Clay Naito is an associate professor of structural engineering. His research interests involve studying concrete structures that are subjected to extreme events, such as earthquakes and intentional blast demands.
I do agree that the country is in dire need of reconstruction and that a portion of the funds be used for this effort—but just how much and how to effectively use the funds is a much more complicated question.
From a distance, I assume that the critical issue in Haiti is still to feed, house and provide medical coverage for the population affected by the earthquake. How much should be put toward each effort is a decision that should be left to the people in the field, the experts in relief efforts, and members of the Haitian government.
But as for what can be done to prevent this from happening again, we can learn from past experiences. With every earthquake event we as engineers learn something new. In many cases the causes of failure are obvious: Poor quality materials, lax construction practices, or lack of engineering. The first thing which should be done is to examine the failures and evaluate why they occurred. Teams from the U.S. are already on-site going over the failures and documenting them. With this information one can determine cause, and more importantly, a solution strategy to prevent comparable damage in future events.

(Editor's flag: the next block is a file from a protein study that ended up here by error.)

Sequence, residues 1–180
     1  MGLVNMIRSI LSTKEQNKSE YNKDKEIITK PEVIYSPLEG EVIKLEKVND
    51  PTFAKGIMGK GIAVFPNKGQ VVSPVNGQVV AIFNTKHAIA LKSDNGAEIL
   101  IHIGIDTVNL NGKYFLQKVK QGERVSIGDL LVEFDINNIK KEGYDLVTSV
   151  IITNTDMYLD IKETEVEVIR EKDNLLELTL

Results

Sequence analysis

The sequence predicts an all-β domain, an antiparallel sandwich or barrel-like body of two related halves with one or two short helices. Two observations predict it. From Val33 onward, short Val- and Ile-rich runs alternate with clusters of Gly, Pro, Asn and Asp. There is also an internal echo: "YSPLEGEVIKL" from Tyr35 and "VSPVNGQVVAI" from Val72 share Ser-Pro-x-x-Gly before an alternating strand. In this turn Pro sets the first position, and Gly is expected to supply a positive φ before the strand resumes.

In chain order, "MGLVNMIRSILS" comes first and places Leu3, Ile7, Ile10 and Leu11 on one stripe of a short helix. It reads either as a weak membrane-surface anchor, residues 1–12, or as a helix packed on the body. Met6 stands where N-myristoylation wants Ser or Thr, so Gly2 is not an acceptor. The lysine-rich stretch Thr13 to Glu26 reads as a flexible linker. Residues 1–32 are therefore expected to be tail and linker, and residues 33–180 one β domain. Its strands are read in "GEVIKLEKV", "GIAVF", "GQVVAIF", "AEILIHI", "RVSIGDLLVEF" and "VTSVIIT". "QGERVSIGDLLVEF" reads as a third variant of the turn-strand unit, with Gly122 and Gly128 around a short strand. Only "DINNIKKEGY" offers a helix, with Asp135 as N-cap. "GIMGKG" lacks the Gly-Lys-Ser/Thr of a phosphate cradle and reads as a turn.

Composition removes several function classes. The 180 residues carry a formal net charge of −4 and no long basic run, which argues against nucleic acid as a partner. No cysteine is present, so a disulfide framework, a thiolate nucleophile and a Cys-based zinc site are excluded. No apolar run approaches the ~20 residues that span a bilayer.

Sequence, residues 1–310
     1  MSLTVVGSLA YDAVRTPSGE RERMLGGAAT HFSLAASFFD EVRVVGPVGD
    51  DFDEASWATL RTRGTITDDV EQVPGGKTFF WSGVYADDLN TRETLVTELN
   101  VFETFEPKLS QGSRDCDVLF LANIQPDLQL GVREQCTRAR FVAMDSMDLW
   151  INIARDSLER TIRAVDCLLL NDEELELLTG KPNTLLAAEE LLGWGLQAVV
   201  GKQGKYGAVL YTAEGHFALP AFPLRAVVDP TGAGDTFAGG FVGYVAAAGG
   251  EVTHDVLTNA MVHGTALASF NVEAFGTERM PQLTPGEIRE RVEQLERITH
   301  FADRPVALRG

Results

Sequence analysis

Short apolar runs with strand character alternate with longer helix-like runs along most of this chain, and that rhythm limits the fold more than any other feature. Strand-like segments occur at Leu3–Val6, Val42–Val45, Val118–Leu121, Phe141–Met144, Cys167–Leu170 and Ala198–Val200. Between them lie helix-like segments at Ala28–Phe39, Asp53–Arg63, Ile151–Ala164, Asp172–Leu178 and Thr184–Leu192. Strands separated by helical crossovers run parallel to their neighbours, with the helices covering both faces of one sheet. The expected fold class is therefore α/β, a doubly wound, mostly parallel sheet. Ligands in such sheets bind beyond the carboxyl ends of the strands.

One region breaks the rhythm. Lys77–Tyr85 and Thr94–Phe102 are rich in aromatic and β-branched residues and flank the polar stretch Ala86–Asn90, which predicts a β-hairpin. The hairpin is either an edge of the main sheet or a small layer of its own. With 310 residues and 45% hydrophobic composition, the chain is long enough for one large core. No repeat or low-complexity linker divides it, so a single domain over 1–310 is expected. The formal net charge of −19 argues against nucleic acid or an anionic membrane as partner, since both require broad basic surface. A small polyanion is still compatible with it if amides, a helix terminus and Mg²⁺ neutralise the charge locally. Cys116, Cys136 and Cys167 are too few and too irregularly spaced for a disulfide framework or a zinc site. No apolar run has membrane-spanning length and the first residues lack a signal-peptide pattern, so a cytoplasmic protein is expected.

In the short-term recommendations can be developed to explain (in very simple terms) what changes should be adopted to enhance the earthquake resistance of typical Haitian construction. This will allow the local population to start the rebuilding process on their own. In the longer term a U.S. model can be followed. A reputable building code can be adopted, engineering licensing and enforcement can be implemented, and building inspection can be conducted to ensure that the structures meet the design requirements. This of course takes a significant governmental infrastructure which may not be in place in the foreseeable future.
The question remains, “Whose obligation is it to make this happen?” I am an engineer and this is a question for a politician; however, I firmly believe that a nation should govern itself. If help is needed and requested perhaps the U.N. can assist to divide the work up between the developed countries...